Ron Guiley is livid.
On Aug. 20, I listened to a visibly upset Guiley address the Bend Park & Recreation District board during a public meeting.
Two days later, standing between Guiley's westside Bend property line and Sunset View Park—a small pocket park in Newport Hills with towering ponderosa and a small playground area situated at the terminus of dead-end street—I find it easy to sympathize with his anger and frustration. He points to a section of land that just months ago was a natural setting marked by sage and ponderosa but is now a construction site complete with mounds of churned soil and bulldozer tracks.
"There were big ponderosas in here and they just ripped them out," Guiley says.
Over the summer, a tract of land privately owned, but informally and freely enjoyed as a natural thoroughfare for at least a decade, is transitioning into a housing development. That development, an expansion of the NorthWest Crossing neighborhood, directly north of Skyliners Road, will put an end to the informal park (and its many trails) and the new roads, residents say, will hamper access to and from nearby Sunset View Park.
Neighbors say Northwest Drouillard Avenue, the new road that runs along the south side of the park, as well as the additional roads crisscrossing the hillside just above, mar the land and disrupt the tranquility and views from Sunset View Park. Additionally, neighbors fear that the ongoing NorthWest Crossing development projects have ruined safe access to the nearby paved West Bend Trail, which parallels Skyliners Road and provides a path toward area schools and the Phil's Trail complex.
But, while the West Bend Trail is operated by the Bend Park & Recreation District, the adjacent tract of land is not public; it is owned by West Bend Property Co. and has been slated for development for at least 10 years.
"I totally understand the residents' concerns—this is a change. I just ask for their patience," says David Ford, general manager of West Bend Property, the developer that builds NorthWest crossing homes. The family-oriented neighborhood is built on 486 acres and contains about 735 homes—a number that could swell to 1,100, Ford says.
"Let us change and we can all adapt to what's been implemented," Ford adds.
But neighbors are not looking forward to adapting to those changes, and are considering what is already lost and what additionally is at risk. While Barbara McAusland appreciates Ford's sympathy, she also says kind words won't bring back the large ponderosas, which were home to migratory birds and provided a natural setting in an increasingly suburban area. McAusland, the land use chair from the River West Neighborhood Association, and others, hope to reopen negotiations with the Bend Park & Recreation District and NorthWest Crossing; with the trees already gone, their primary concern now is continued access to the West Bend Trail.
McAusland shows me where the informal trails from Sunset View Park toward the West Bend Trail had been decimated.
"This trail," says McAusland, pointing to an area now busy with bulldozers, "allowed safe access to high schoolers and grade schoolers, without having to cross any major roads." The former trail access was a sewer easement (now relocated) and is the future home to "cluster cottages."
Going forward, neighbors and park users hoping to access West Bend Trail will need to use the newly constructed roads and sidewalks to cross Northwest Lemhi Pass Drive—a new, but busy, collector road that ties into Skyliners Road. Or they can follow other new neighborhood roads that also tie into West Bend Trail. But there will be no trails directly connecting to the popular public corridor.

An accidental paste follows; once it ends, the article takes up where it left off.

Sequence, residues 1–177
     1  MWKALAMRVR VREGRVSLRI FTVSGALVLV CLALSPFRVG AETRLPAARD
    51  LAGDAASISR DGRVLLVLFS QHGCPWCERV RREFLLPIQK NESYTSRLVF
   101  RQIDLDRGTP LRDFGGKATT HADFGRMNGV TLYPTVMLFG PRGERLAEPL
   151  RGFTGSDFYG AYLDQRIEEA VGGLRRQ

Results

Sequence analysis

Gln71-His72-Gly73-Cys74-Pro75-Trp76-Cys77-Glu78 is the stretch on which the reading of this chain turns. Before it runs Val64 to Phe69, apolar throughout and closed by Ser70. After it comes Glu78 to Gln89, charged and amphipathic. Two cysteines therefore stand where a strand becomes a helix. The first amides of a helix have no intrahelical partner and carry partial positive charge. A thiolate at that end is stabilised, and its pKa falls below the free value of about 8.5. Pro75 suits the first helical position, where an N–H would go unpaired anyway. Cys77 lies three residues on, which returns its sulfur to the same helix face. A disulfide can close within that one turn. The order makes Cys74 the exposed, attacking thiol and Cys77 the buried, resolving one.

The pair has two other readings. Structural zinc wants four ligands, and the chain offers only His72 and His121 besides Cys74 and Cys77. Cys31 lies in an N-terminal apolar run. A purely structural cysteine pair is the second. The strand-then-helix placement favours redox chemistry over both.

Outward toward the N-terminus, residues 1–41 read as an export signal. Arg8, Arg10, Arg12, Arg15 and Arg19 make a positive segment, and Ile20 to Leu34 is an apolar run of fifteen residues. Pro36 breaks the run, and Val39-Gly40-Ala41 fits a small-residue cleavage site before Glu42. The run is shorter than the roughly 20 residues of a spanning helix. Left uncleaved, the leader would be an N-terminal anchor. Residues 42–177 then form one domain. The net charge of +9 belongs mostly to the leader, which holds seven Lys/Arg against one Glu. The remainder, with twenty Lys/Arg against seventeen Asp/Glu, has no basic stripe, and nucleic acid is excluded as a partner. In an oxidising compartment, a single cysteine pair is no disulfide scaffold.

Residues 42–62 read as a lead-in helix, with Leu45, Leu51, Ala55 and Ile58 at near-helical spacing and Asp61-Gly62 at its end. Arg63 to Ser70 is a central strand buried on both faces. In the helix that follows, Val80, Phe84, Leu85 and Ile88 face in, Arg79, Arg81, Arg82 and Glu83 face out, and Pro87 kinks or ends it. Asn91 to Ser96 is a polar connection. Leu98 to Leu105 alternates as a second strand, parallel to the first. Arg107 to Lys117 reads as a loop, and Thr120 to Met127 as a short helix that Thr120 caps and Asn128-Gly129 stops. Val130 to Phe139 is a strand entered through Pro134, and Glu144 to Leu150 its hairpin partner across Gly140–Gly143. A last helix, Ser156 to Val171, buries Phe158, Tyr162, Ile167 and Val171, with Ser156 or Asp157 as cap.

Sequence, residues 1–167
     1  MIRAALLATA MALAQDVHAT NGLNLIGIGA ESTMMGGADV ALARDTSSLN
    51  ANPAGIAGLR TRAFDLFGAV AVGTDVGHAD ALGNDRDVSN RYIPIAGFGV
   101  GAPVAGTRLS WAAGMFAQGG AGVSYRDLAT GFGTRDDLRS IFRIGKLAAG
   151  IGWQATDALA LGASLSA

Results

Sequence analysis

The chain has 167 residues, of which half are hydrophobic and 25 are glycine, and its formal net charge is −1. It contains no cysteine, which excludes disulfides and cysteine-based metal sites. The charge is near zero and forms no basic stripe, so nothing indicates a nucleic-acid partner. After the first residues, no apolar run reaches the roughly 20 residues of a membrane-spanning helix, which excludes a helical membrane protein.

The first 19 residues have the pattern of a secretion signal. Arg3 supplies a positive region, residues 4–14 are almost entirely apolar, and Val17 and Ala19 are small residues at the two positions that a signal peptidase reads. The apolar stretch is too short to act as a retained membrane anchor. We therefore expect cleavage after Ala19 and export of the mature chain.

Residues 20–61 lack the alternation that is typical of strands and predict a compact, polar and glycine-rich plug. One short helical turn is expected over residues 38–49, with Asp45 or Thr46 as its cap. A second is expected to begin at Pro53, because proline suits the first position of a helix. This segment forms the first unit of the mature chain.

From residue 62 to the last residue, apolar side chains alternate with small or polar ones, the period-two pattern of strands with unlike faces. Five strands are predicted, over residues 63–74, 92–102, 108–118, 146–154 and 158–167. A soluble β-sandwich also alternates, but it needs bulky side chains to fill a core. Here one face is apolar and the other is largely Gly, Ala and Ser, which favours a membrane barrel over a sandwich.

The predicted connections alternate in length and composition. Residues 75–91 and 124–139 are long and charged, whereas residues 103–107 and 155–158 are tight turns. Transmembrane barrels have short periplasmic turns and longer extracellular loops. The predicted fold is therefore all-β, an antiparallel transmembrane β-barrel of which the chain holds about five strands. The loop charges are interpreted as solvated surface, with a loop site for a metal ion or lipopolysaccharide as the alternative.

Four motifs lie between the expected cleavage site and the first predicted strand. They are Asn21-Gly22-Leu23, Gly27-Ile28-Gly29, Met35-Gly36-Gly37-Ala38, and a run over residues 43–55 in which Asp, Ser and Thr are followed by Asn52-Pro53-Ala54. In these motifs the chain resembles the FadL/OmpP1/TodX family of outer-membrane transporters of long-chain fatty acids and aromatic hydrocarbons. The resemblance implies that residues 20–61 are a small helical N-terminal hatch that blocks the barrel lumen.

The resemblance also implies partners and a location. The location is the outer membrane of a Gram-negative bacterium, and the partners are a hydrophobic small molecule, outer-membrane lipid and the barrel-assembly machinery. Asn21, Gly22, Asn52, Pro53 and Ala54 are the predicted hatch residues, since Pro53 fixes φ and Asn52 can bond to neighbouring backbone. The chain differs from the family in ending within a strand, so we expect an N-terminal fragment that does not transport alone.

Another Newport Hills resident, Bob Tucker, agrees with his neighbors and issues a simple statement that could easily serve as the community movement's slogan: "The kids shouldn't have to pass Lemhi Pass." Tucker, a retired Summit High history teacher, was one of several neighbors to speak out against the recent development at last week's Bend Park & Recreation District board meeting.
Bend Park & Recreation District Executive Director Don Horton thinks he understands the source of the neighbors' frustration. He says that Sunset View Park, the adjacent pocket park, now feels smaller since the surrounding tract of land—as well as its numerous makeshift trails that connected to the widely used West Bend Trail—is under construction.
"The biggest surprise to them is it [Sunset View Park] wasn't as big as they thought," Horton says.
He also defends the extension of Northwest Drouillard Avenue, and the small land swap the park district made with West Bend Property—a parcel the developer needed to build the road and one that measures approximately 50 feet by 50 feet. Had no new road been built, Horton points out, Sunset View Park would be surrounded by houses on three sides once the new residential development is completed.
"It would have been like a picture frame with houses all around it," adds Horton.
Soon, park users will have access via Northwest Stannium Road as well as Northwest Drouillard Avenue. Another park official, Michelle Healy, says residents shouldn't worry about Sunset View Park's future—it's slated for improvements. And, Healy says, West Bend Property will landscape the steep slope that makes the new road, so it won't be left bare.
Still, the tree removal, road construction and resulting loss of safe trail access to West Bend Trail, are, according to River West neighbors, only part of a larger problem. During construction, dirt was mounded high around the bark of several trees, which can kill ponderosas. And, according to the neighbors, public outreach was minimal.
"It was not a pretty process," says JoAn Mann, another River West resident and former owner of All Mixed Up, a frozen yogurt shop in NorthWest Crossing. "It wasn't being a good neighbor to Newport Hills."
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